According to market research firm, IHS iSuppli the overall semiconductor industry days of inventory declined slightly in the third quarter of 2011, while DRAM stockpiles increased significantly. As calculated by the days of inventory (DOI) measure, overall semiconductor stockpiles in the third quarter stood at 81 days, down 2.5% from 83 days in the second quarter but DRAM stockpiles stood at 12.8 weeks, a 31% increase from 9.8 weeks in the second quarter of 2011. The figure is also significantly higher than the long-term quarterly average of 9.2 weeks.
The market research firm believes that the DRAM inventory index could continue to rise for a few more quarters, worsening an already bad situation and is reminiscent of the DRAM industry collapse of 2008.
“The surge in inventory exacerbates the travails of the steadily deteriorating DRAM market,” said Clifford Leimbach, analyst for memory demand forecasting at IHS. “DRAM suppliers are suffering from a multitude of market-depressing factors including the lack of worldwide demand, the arrival of new applications needing less DRAM, and operating systems that do not require an incremental increase in DRAM as previous versions did.”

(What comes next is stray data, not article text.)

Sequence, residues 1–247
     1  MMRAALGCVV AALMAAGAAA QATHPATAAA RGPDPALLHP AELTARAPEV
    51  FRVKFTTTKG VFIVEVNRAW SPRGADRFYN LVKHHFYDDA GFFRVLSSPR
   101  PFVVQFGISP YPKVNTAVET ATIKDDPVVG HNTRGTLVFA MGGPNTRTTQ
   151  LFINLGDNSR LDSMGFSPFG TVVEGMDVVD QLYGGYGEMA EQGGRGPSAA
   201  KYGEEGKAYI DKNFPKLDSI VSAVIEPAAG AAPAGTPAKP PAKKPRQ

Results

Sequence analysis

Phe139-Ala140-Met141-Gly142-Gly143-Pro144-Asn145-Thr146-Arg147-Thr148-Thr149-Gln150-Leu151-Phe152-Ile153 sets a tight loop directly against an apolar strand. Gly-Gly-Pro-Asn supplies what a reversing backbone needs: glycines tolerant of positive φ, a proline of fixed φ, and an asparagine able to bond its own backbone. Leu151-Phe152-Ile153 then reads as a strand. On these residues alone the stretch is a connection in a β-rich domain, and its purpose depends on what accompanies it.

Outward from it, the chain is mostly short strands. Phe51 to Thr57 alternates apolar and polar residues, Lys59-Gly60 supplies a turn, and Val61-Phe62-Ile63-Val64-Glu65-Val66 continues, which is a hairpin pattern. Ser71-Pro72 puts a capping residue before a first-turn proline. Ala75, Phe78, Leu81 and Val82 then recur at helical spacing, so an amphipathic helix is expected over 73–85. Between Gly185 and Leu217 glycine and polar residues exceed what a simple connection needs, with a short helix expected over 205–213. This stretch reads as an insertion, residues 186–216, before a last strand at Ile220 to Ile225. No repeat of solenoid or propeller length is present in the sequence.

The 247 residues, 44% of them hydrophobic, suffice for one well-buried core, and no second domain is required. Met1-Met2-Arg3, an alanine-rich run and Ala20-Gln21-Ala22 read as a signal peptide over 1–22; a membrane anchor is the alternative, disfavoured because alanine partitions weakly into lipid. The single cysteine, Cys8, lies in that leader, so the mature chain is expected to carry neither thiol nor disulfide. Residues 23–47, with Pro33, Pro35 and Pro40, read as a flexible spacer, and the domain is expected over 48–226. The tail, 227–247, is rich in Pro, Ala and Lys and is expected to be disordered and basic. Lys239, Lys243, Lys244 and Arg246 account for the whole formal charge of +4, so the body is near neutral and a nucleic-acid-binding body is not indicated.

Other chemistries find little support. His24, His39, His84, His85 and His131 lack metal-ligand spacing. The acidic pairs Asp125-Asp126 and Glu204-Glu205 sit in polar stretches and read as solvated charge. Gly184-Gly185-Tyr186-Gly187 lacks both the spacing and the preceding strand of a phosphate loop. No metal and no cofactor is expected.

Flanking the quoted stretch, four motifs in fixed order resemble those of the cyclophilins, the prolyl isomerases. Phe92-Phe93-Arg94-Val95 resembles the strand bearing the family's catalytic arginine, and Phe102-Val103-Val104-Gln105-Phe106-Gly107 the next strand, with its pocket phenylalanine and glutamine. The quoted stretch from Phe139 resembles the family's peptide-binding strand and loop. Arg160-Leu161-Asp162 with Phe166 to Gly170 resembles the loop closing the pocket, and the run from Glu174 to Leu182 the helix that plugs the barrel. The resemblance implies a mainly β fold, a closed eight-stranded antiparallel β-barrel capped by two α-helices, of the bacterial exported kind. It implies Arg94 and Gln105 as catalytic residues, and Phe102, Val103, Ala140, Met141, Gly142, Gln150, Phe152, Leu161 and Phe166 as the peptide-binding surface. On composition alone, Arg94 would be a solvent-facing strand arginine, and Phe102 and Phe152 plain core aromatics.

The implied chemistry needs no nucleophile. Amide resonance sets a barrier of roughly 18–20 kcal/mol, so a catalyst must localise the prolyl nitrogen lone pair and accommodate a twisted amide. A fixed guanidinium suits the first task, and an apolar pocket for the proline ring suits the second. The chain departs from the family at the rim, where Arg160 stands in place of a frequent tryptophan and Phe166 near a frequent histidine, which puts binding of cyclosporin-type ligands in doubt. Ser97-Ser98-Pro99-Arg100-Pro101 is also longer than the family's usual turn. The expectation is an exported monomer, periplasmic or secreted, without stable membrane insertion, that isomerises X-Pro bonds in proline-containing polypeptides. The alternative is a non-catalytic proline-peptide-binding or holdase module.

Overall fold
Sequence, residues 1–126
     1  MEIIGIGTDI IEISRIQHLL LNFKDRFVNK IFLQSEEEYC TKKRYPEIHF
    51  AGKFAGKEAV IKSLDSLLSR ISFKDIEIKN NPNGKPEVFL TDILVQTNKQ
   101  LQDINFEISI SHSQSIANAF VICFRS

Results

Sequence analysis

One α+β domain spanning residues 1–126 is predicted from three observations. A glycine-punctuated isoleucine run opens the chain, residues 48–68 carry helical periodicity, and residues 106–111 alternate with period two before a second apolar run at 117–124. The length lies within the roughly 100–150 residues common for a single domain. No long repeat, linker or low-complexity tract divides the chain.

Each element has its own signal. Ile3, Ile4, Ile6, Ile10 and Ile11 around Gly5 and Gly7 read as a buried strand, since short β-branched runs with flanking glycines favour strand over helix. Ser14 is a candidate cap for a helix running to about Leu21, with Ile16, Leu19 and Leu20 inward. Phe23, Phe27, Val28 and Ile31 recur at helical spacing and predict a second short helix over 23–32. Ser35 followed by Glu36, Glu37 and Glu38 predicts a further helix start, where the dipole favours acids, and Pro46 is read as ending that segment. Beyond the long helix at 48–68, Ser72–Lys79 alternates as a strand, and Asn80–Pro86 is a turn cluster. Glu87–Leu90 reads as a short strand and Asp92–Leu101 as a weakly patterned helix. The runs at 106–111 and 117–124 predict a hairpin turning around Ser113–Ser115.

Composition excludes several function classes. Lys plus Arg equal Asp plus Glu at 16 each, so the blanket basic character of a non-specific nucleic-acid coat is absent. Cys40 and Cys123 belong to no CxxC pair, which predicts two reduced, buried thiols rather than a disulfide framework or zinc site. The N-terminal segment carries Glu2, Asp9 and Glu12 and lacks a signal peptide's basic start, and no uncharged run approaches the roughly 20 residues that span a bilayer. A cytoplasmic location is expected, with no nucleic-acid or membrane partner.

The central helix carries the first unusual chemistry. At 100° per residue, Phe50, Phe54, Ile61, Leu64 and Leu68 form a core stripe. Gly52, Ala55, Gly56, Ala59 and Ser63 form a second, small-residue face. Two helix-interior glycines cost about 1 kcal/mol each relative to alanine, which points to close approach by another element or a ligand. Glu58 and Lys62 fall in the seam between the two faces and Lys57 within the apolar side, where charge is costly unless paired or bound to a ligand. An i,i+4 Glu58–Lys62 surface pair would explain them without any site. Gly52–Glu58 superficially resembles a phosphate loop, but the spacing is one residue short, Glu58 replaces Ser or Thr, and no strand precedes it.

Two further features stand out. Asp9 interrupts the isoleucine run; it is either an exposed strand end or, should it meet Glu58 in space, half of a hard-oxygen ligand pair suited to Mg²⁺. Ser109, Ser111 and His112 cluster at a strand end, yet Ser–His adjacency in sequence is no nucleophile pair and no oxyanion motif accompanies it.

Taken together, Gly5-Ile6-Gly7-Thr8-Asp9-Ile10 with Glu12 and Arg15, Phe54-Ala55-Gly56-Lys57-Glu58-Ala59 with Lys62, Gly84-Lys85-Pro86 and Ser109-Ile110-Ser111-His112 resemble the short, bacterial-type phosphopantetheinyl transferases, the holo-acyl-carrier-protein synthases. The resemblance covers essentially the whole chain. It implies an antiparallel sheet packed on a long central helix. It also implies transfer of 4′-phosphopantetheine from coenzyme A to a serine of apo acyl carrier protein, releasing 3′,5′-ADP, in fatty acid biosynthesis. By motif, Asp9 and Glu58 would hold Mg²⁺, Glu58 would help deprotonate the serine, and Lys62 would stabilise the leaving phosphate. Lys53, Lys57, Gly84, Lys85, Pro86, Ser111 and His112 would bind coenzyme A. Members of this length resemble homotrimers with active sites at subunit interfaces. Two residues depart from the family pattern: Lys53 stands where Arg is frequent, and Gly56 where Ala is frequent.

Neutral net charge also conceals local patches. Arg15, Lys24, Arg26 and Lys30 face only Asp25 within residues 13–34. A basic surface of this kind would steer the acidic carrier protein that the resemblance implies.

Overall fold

Other than weak demand, DRAM ASPs fell dramatically in Q311 forcing manufacturers to increase output to support revenue generation, aggravating a worsening inventory situation.
“Should expectations arise that the economy might be headed for improvement—the belief alone is sufficient—things could rapidly improve,” Leimbach said. “An example of heightened expectations very quickly reversing the downward path of the DRAM market occurred in 2009, when the Inventory Index recovered from a beleaguered 14 weeks to a desirable six weeks in the space of just three quarters.”
However, the market research firm isn’t holding its breath of a turnaround. It noted that that DRAM revenue slid to slightly more than US$6 billion in the fourth quarter of 2011, down 11% from the third.
Also noting that it would appear “unlikely that the downward trend on operating profits will subside—which means that there will be little respite for the many DRAM companies already operating at, or below, cash costs. All told, the historical trajectory illustrates that the worst is yet to come.”
Reports are already circulating over financial problems at Elpida and that smaller firms will struggle against the cash rich Samsung that is able to ride-out downturns better and generate better margins as it invests in leading-edge equipment before rivals.